News reports the past several days have shown an estimated 7,000 people, mostly from the Central American countries of Honduras and Guatemala, traveling through Mexico on their way to the United States. Are they to be considered genuine refugees or illegal immigrants?
Internet stories abound, replete with photos of men, women, and children carrying small bags of clothing or other personal possessions. Their facial expressions range from tearful fright to aggressive anger. Many are young men, seemingly traveling with buddies but no identifiable family. Some are young children with mothers or fathers or grandparents or aunts or uncles.
Most are walking. Some are riding on flat bed trailers or in the back of pickup trucks. Some are floating on makeshift rafts or inner tubes on the Suchiate River, the border between Guatemala and Mexico, trying to bypass border officials. Others have torn down barricades at the border between Guatemala and Mexico. Still others wait in line at the border to enter Mexico legally.
Meanwhile, in the U.S. the debate rages on, fueled by approaching mid-term elections and the broad chasm between those who would welcome anyone to our country and those who take a more restrictive approach. Again, are those who seek entry genuine refugees or illegal immigrants? Either way, they are human beings, children of our heavenly Father. There’s no simple solution.
In the mid-19th century my forefathers and foremothers, and very likely yours as well, left their home country and came to America. They traveled on ships, enduring dire conditions throughout the three month voyage. Upon arrival in New York or New Orleans or Galveston, they made their way to what became their new home and eked out a living from the land.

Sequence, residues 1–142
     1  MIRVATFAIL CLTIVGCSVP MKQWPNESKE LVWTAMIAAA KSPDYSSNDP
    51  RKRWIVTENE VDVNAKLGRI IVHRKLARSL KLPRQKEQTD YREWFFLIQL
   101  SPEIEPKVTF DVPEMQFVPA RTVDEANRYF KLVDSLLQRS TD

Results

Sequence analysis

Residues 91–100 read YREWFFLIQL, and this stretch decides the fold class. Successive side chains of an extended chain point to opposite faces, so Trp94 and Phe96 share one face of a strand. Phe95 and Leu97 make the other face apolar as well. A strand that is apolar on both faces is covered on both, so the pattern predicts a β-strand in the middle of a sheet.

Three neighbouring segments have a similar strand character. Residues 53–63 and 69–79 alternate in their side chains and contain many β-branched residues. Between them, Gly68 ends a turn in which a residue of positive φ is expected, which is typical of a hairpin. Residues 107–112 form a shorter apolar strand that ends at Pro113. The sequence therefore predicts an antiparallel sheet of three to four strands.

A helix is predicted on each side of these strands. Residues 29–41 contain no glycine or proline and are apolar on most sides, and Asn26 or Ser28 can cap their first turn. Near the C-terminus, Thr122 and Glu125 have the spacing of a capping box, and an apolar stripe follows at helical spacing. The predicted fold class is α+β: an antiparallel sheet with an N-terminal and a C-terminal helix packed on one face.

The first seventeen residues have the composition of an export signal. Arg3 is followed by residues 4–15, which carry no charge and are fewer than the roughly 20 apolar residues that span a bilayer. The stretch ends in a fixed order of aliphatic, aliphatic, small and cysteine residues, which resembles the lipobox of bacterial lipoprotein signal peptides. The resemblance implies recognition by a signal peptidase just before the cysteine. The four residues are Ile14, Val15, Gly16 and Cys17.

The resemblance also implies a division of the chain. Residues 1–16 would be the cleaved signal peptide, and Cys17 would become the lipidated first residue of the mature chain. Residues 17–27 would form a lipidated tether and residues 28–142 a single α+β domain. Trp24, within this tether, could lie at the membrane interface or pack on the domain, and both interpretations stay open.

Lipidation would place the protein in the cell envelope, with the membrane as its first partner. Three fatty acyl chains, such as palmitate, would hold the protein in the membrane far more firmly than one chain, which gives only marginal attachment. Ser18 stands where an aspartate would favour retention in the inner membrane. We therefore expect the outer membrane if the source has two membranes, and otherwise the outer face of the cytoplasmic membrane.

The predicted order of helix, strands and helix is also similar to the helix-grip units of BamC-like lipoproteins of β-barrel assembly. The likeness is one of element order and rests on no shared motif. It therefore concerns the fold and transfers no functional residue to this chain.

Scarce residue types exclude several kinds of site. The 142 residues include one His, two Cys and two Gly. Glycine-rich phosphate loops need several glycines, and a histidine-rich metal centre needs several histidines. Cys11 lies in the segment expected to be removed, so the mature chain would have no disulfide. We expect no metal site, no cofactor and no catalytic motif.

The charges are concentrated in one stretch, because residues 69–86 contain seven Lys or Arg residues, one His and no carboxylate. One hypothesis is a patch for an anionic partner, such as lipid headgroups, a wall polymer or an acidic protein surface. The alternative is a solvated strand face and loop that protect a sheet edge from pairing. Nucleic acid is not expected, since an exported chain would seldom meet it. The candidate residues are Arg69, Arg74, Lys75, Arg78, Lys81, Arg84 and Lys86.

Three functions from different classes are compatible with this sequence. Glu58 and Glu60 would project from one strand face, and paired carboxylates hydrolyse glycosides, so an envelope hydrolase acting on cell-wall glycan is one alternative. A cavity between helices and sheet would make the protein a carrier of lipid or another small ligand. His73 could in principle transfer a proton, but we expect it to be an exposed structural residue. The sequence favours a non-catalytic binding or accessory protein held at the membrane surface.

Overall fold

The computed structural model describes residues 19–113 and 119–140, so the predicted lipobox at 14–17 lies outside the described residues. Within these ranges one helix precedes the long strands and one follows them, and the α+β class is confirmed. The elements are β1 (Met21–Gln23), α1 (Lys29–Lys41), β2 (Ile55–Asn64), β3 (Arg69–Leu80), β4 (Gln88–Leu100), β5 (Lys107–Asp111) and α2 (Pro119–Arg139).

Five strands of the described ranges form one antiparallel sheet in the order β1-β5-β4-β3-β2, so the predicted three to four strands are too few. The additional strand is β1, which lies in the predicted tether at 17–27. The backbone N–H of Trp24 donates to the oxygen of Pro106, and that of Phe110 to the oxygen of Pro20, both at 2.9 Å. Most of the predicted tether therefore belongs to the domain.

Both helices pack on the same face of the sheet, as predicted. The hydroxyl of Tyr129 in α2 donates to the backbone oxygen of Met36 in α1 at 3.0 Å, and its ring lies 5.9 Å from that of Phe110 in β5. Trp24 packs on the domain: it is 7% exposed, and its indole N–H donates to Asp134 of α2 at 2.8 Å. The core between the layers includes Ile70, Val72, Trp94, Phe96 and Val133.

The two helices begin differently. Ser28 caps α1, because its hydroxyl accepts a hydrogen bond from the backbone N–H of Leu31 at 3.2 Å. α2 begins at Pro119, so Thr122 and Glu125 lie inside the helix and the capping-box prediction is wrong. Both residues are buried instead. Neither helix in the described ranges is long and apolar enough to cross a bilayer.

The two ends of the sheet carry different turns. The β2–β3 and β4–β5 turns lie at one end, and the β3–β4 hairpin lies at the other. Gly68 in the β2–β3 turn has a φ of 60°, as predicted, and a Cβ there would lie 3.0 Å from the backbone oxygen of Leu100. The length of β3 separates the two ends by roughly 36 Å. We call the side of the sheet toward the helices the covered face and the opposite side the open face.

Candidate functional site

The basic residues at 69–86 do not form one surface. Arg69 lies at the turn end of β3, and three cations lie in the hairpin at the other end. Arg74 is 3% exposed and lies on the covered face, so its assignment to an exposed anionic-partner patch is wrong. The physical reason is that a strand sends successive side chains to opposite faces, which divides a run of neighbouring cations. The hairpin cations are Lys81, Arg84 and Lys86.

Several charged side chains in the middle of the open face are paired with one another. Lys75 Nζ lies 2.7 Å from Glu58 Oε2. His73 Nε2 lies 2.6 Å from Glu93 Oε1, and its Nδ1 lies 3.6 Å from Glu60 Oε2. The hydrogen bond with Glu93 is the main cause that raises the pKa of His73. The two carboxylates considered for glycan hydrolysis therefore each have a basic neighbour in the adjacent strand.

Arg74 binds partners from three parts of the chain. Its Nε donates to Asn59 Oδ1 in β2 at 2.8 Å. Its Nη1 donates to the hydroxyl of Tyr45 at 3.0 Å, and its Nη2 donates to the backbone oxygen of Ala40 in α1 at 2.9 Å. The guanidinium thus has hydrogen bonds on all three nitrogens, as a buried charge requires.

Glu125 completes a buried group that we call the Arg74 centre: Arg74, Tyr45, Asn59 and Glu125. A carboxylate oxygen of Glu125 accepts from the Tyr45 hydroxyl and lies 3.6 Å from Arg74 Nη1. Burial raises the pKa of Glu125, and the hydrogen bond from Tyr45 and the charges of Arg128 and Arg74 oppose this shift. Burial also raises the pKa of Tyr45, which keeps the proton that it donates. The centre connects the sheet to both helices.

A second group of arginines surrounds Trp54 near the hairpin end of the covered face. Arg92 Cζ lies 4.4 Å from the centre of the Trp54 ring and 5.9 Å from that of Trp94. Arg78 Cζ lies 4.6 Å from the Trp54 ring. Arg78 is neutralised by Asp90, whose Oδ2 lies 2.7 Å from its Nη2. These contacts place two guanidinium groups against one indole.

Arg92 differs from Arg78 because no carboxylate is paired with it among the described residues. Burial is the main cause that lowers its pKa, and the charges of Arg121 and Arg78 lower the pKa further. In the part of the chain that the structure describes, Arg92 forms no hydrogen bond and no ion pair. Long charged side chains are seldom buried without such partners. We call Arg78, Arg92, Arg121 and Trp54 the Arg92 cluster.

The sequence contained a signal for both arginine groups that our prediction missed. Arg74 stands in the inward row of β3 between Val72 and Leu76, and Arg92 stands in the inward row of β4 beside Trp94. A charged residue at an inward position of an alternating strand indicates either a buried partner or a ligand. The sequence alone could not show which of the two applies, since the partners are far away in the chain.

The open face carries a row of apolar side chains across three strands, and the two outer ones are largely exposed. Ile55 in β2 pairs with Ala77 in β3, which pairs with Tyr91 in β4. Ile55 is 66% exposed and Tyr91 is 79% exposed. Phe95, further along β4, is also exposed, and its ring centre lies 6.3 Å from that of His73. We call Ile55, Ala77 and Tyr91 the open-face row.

There was little if any public assistance available to our ancestors. They made their own way and became law abiding, tax paying citizens of this country. They pledged their allegiance to the flag and to the values of the United States of America. That was then. This is now. Some in the current immigration caravan surely seek to do the same. What about the others?
What should be our proper response to this humanitarian dilemma? We have laws that govern immigration to our shores. Those laws need to be followed or amended. Not all the immigrants in question are evil people, just folks who seek safety and opportunity to provide basic needs for themselves and their families. We need to do what we can to help them reestablish their lives in our country. That assistance must be provided responsibly.
The Bible is full of encouragement, even commands, for people of God to welcome strangers. It’s much easier to do so when those strangers are genuine refugees, not illegal immigrants.